The city of Prescott, Arizona began as a mining camp next to Granite Creek in the mid 1800s. The population at this camp grew to a substantial number and by the late 1860s the settlement of Prescott took shape as a small town. Prescott soon became the first capitol of the Arizona Territory, thus making this town a center of commerce. The Arizona Territory was an unruly and dangerous place to be during the gold rush years, so it is easy to imagine that Prescott was a definitive wild west town. Prescott attracted merchants and purveyors that catered to prospectors, loggers and ranchers. Where the money flows, unsavory characters soon follow and Prescott became a haven for those who preferred making a quick buck the easy way.
Prescott basically was ruled by six gun justice in the early days, till a U.S. Army fort was posted nearby. A few brave marshals and sheriffs eventually brought a semblance of law and order to this region, but for the most part, every criminal vice known to mankind was part of everyday life in Prescott. This town was a hub for gambling, prostitution and wild saloons that preyed upon pioneers, ranchers and prospectors. Just like with many other wild towns of the old west, Wyatt Earp and Doc Holiday were very much involved with the vice dealings in Prescott.
Where gold fever strikes, the whiskey flows like a river! Prescott became a haven for wild west saloons back in the late 1800s and the Whiskey Row section of town was legendary. Whiskey Row covered one square block downtown and at one point there were over 40 saloons packed into this small area. Whiskey Row truly was as lawless and wild as the old west could be, so this definitely was the best spot in Arizona to bend an elbow!
The original Whiskey Row buildings were constructed with wood timber and a massive fire burnt Whiskey Row down to the ground in the year 1900. Because Whiskey Row was so profitable, it did not take long for the entire area to be rebuilt with brick and mortar buildings that would withstand the test of time. The newly rebuilt Whiskey Row was designed to be a little classier than the rustic original version and this helped to draw men of stature with money to spend. Ranchers, cowboys and mining industry workers all considered Whiskey Row to be the number one local destination when rolling through Prescott. The saloons were filled with card sharks and the old Faro Table took many a good man down.
The whiskey flowed freely up to and during the prohibition years as many of the old Prescott saloons operated as basement speakeasies. After prohibition, this town came into the modern age. Prescott became a sizable city with plenty of commerce and the reckless lawlessness was a thing of the past. Whiskey Row was a landmark attraction by this time, but many of the old original saloons were shuttered forever. The saloons that did survive practically guaranteed that Whiskey Row would live on well into the future.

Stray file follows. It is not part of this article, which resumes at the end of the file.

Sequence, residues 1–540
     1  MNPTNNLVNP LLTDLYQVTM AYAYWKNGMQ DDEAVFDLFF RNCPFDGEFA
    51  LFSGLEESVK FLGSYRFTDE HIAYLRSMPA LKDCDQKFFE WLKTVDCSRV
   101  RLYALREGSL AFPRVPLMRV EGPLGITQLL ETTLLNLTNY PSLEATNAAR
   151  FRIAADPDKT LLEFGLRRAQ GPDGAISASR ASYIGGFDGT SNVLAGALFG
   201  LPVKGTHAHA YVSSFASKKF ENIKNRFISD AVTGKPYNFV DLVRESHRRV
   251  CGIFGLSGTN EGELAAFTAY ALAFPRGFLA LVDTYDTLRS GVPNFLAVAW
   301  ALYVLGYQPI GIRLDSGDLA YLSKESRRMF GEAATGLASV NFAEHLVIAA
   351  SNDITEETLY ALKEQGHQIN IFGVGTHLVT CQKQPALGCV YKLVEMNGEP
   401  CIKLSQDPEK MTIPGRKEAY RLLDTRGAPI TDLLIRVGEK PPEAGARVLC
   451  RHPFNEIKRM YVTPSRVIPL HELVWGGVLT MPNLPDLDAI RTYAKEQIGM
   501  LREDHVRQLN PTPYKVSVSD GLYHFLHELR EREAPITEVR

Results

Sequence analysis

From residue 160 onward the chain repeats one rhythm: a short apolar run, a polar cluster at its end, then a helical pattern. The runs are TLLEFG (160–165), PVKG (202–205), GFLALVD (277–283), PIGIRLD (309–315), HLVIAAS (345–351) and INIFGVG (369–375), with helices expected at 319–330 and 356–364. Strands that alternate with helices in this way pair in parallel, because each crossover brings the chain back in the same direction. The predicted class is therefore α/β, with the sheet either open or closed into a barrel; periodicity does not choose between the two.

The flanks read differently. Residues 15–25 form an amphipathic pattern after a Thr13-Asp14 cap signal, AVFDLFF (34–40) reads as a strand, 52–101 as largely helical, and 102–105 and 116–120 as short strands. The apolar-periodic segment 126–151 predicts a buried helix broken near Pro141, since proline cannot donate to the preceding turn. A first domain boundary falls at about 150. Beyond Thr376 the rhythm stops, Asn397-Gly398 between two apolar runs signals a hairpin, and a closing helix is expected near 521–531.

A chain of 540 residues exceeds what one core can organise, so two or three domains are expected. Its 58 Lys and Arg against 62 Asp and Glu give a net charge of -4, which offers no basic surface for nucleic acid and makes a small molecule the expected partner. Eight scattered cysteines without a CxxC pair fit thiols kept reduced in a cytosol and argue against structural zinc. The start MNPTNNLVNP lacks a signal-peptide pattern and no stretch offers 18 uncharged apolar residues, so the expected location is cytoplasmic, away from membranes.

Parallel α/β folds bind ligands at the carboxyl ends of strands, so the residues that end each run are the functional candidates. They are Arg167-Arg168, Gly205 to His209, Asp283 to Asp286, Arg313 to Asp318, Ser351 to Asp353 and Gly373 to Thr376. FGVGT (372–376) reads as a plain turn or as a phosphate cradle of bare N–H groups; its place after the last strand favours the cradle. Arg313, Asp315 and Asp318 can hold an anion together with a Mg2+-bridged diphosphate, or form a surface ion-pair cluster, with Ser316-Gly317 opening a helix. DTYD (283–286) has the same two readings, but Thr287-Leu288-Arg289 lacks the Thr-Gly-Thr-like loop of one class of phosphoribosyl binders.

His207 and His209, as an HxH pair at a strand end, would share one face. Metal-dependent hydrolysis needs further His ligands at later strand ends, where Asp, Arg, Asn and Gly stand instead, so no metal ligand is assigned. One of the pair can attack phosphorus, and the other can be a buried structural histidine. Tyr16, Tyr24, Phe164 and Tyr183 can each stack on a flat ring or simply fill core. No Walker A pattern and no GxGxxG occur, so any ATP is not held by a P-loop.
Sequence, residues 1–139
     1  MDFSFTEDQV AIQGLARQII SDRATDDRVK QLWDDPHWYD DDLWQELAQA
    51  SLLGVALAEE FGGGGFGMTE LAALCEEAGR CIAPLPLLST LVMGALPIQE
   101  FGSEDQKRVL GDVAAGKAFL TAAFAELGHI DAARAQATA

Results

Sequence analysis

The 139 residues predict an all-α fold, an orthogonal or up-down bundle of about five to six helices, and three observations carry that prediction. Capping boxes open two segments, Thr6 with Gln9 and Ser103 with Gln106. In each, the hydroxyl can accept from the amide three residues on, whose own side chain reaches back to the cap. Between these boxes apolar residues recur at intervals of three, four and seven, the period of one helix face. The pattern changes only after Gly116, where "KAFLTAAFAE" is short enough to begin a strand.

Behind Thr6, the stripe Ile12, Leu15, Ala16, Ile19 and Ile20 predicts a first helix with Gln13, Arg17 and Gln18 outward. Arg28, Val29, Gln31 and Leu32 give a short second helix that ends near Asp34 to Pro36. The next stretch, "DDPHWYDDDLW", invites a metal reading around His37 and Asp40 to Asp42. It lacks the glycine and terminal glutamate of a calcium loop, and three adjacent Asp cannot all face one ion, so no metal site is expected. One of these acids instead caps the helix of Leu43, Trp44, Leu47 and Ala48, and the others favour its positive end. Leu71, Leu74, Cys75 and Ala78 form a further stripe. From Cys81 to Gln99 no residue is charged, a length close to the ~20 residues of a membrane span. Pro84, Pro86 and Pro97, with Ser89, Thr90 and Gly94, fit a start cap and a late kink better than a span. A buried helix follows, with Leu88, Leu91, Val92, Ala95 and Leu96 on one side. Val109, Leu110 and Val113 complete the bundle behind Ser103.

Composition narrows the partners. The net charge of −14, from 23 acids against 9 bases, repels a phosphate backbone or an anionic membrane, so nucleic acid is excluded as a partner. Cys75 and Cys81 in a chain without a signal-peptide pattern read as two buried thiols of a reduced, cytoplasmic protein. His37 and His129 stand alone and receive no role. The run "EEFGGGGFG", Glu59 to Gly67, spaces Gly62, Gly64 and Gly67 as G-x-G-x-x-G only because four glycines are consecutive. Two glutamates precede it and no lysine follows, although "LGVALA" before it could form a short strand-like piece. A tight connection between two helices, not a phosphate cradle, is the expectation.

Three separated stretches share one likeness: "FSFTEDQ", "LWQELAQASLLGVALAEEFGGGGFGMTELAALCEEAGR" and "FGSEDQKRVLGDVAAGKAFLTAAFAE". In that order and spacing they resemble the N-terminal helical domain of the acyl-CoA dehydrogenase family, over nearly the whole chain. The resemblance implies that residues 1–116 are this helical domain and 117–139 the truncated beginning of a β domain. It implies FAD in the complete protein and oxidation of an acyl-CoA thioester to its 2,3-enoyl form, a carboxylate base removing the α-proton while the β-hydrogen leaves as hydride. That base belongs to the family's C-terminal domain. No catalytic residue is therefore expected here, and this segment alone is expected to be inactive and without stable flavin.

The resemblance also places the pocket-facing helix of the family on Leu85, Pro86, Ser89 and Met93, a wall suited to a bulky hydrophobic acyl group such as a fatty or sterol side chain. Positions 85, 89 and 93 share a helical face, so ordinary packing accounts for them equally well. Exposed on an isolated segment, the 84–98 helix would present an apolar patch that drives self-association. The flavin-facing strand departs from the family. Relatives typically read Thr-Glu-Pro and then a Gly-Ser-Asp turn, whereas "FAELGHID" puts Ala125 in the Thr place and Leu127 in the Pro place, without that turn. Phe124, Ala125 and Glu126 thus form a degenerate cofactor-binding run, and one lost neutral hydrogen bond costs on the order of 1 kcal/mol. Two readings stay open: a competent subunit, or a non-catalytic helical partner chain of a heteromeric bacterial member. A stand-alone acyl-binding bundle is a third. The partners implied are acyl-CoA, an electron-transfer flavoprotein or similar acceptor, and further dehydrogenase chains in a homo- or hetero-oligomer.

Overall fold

With the advent of western tourism during the Route 66 era, Whiskey Row evolved into a prime attraction. Visitors could walk into saloons and sit where famous characters of the old west sipped on whiskey and beer all day. The 1960s Steve McQueen film “Junior Bonner” was filmed in the Palace Saloon and this helped to draw more tourists to the area. Several other classic westerns were filmed in the old saloons and scenes from the legendary movie Billy Jack were filmed on Whiskey Row too.
Yavapai College opened its doors in Prescott in the 1960s and Whiskey Row definitely benefitted from the local higher education clientele. In fact, the local college started a tradition, because many Arizona college students from other cities make pilgrimages to Whiskey Row for an old west style spring break drinking binge.
In modern times, car clubs and biker rally organizers revere Whiskey Row as one of the ultimate wild west destinations. Tourists also flock to Whiskey Row by the thousands each week. Workers in nearby cities look upon Whiskey Row as salvation from keeping one’s nose to the grindstone. The first time that I heard about Whiskey Row was while I was working at the Grand Canyon during the peak tourist season. I had been cooking for endless weeks with little time off and just the thought of a place like Whiskey Row sure sounded like paradise!
When I finally got 2 days off from the Grand Canyon job, I pointed my old 392 Hemi Challenger straight for Prescott. I figured that I would have dinner and two drinks, then photograph the scenic sights on Whiskey Row. As it turned out, Whiskey Row was much more inviting and conducive to whiskey drinking than I imagined. I ended up pulling an all nighter while doing a saloon crawl, so the original mild mannered travel plan was null and void. Soon I was totally captivated by the old west feel of Whiskey Row!
Of course there is far more to Prescott than just Whiskey Row. Prescott is one of the most picturesque towns in the west and it it easy to fall in love with this comfortable place in the mountains. Prescott offers old fashioned western style steakhouses, a couple of Yavapai Tribal Casinos, great shopping and plenty of hotels that offer all amenities. If doing an all nighter on Whiskey Row is on the agenda, then booking a hotel room ahead of time and getting the number of a local taxi company before the whiskey flows is highly suggested, especially on New Year’s Eve.
If you happen to be a fan of the old wild west, then historic Whiskey Row definitely belongs on the lifetime travel bucket list. All it takes is one sip of hooch on Whiskey Row to step back in time to the old wild west. Whiskey Row certainly has a lot of stories to tell and there will be plenty of good memories to bring back home!
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